DavidBartonGym Launches Second Annual National Initiative to Raise Funds to Help Women With Ovarian Cancer

In Partnership With The Clearity Foundation, Gym Owner David Barton Honors Sister Diane Barton, Continues Fundraising For The Diane Barton Database

Sep 12, 2011, 09:30 ET from DavidBartonGym

NEW YORK, Sept. 12, 2011 /PRNewswire/ -- Following last year's charitable campaign in which DavidBartonGym raised over $115,000 to improve treatment options for women with ovarian cancer, gym founder and owner David Barton will proclaim for a second consecutive year September 24, 2011 as "Diane's Day" in honor of Barton's sister, Diane Barton. All DavidBartonGym locations in New York, Chicago, Miami and Seattle will donate proceeds from every personal training session on Diane's Day to The Clearity Foundation.

To raise additional awareness and funds, DavidBartonGym will host various local events, including a philanthropic luncheon at Vinter Grill The Strip at Neiman Marcus in Las Vegas, as well as a fashion presentation, styled by Barton. In addition, GILT Group's "Gilt Gives" will sell special training packages in local markets including New York, Chicago, Miami and Seattle, with all proceeds donated to the Clearity Foundation.

The Clearity Foundation optimized DavidBartonGym's financial contribution in 2010 by creating the Diane Barton Database, a valuable and accessible platform to help women make better treatment decisions.  By comparing each woman's individual molecular profiling data against the Diane Barton Database, treatment choices can be personalized and prioritized.

"Ovarian cancer is hard to detect but harder to treat. I have partnered with an organization whose research benefits people right now and who need additional funding to continue to make improvements in treatment and detection. Every penny gets us one step closer to improving someone's chances. I can't emphasize enough the importance of acting now," said David Barton, founder of DavidBartonGym.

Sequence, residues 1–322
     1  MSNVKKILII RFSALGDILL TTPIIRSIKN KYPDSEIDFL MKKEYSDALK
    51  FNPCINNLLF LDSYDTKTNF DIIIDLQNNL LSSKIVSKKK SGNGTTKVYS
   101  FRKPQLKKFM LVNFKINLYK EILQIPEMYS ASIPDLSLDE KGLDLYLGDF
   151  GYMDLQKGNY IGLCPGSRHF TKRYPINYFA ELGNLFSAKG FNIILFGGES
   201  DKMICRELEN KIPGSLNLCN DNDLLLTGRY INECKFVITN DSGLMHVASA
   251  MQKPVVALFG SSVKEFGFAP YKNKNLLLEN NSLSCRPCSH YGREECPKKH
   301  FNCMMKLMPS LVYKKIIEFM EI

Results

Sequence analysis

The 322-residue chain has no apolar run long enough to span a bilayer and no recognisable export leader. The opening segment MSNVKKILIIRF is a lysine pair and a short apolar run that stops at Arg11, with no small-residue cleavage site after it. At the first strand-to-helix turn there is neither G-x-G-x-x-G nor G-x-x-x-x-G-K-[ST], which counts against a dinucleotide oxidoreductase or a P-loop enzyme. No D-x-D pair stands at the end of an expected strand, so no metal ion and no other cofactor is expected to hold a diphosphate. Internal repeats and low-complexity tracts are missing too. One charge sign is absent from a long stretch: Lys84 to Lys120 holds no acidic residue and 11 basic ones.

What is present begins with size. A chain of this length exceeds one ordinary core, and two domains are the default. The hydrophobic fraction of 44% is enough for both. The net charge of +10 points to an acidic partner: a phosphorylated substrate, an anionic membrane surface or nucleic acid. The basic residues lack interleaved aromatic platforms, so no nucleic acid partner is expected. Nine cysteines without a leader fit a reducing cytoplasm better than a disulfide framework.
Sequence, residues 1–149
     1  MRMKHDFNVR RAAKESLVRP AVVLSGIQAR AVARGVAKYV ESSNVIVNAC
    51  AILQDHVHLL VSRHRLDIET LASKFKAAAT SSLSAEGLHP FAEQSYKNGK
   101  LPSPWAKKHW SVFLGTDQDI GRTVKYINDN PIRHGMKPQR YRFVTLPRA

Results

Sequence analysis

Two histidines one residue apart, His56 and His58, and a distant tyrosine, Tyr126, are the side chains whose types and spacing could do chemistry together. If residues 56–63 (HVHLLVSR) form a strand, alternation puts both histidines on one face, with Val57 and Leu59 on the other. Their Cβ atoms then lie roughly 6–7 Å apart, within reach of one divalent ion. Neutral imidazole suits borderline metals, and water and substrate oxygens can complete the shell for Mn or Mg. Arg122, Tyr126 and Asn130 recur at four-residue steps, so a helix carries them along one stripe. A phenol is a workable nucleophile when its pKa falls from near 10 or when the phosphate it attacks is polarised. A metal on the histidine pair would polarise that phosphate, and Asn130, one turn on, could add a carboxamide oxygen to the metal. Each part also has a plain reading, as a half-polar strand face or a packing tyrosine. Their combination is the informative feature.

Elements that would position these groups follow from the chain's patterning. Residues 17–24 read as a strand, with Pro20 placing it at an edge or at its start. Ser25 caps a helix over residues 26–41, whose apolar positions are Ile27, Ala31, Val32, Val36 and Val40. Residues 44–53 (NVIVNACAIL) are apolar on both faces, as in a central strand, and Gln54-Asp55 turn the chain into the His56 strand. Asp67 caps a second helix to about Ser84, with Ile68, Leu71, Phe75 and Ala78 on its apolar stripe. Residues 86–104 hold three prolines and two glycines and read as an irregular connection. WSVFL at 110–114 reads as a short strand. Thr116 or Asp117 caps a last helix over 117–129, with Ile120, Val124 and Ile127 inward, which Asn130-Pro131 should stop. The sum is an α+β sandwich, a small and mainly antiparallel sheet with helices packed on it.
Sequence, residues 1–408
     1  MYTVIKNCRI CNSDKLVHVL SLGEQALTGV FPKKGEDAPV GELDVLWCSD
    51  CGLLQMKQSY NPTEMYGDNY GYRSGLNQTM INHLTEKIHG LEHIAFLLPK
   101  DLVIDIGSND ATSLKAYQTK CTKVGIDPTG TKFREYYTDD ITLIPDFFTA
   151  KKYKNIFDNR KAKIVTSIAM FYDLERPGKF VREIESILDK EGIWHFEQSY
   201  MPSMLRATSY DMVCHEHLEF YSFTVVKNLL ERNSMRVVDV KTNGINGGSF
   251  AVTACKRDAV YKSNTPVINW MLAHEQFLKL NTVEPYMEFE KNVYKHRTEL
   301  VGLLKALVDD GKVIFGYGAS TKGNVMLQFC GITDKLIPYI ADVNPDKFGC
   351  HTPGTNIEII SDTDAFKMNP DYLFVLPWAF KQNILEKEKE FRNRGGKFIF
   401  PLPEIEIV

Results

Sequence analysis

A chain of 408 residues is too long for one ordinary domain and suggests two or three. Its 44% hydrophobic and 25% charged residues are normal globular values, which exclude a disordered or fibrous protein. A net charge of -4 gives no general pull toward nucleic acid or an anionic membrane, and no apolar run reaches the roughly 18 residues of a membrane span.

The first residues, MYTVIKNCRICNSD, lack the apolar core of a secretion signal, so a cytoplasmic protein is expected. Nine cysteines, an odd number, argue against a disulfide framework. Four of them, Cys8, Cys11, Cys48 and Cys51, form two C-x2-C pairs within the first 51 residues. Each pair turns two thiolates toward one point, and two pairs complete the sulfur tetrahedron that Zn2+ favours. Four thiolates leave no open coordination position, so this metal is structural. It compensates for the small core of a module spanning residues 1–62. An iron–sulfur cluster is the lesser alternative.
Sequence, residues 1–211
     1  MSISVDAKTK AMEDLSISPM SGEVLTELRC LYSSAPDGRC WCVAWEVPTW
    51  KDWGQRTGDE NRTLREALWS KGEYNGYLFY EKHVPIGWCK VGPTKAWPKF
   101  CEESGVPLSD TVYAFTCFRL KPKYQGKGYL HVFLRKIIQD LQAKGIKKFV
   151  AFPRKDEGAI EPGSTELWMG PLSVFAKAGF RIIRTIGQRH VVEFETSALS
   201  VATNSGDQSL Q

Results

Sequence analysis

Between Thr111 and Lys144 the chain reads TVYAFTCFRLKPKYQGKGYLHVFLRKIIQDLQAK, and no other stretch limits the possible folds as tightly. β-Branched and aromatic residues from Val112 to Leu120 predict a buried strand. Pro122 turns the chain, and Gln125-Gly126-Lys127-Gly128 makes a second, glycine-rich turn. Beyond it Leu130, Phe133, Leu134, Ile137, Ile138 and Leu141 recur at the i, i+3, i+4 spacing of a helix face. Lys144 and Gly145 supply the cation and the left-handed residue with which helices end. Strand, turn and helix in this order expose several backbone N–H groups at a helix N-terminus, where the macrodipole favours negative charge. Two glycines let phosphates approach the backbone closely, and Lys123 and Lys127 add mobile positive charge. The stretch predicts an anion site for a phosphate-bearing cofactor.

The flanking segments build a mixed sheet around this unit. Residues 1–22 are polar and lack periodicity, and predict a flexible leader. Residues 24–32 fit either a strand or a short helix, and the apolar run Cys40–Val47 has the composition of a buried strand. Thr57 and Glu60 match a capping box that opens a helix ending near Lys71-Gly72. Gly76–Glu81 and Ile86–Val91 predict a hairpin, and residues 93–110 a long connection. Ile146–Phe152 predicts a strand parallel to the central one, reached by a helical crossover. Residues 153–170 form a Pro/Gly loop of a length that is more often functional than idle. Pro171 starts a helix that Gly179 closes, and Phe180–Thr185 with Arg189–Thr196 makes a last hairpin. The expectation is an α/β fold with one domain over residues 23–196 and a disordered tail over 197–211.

"Thanks to the money raised by DavidBartonGym, The Clearity Foundation has improved its database of tumor 'blueprints' and named it the Diane Barton Database, in honor of David's sister, a physician who was only 45 years old when she passed away," said Laura Shawver, Ph.D., Founder of The Clearity Foundation. "David is deeply committed to providing women with ovarian cancer resources that can positively impact their lives today. At The Clearity Foundation we offer resources to do just that."

Ovarian cancer tumors vary from patient to patient and do not uniformly respond to FDA-approved treatment; therefore they need customized treatment plans. Molecular profiling enables the individualization of a patient's treatment by matching tumor alterations with one or more drugs.

"David recognizes that The Clearity Foundation's approach to finding personalized treatments for ovarian cancer patients is unprecedented, and I had the opportunity to tell him about my personal experience with molecular profiling," said patient advocate Aimee Jungman. "DavidBartonGym outdid itself with this terrific series of events that raised money that will have a profound impact on The Clearity Foundation. I appreciate David's and his team's enthusiasm. They are making a difference in the lives of women with ovarian cancer."

About DavidBartonGym

With locations in New York, Miami, Chicago and Seattle and locations opening fall 2011 in Las Vegas and Los Angeles, DavidBartonGym has hand-picked equipment, personally mentored trainers with a tradition of changing bodies and award-winning design. Gym innovator David Barton promises to have members that "LookBetterNaked." www.davidbartongym.com

About The Clearity Foundation

The mission of The Clearity Foundation is to improve treatment options for women with ovarian cancer and change the one-size-fits-all approach in order to improve survival. Ovarian cancer is a complex, heterogeneous disease where most all women receive standard treatment, regardless of the histology or the molecular biology of their tumors. Ovarian cancer kills more than 15,000 women every year out of the approximately 21,000 diagnosed. When a patient's ovarian cancer returns after standard chemotherapy, a chance for a cure is less than 15%, or less than 3% if she did not respond to initial treatment. The Clearity Foundation is a 501(c)(3) not-for-profit organization founded by an ovarian cancer survivor and scientist. www.clearityfoundation.org.

SOURCE DavidBartonGym



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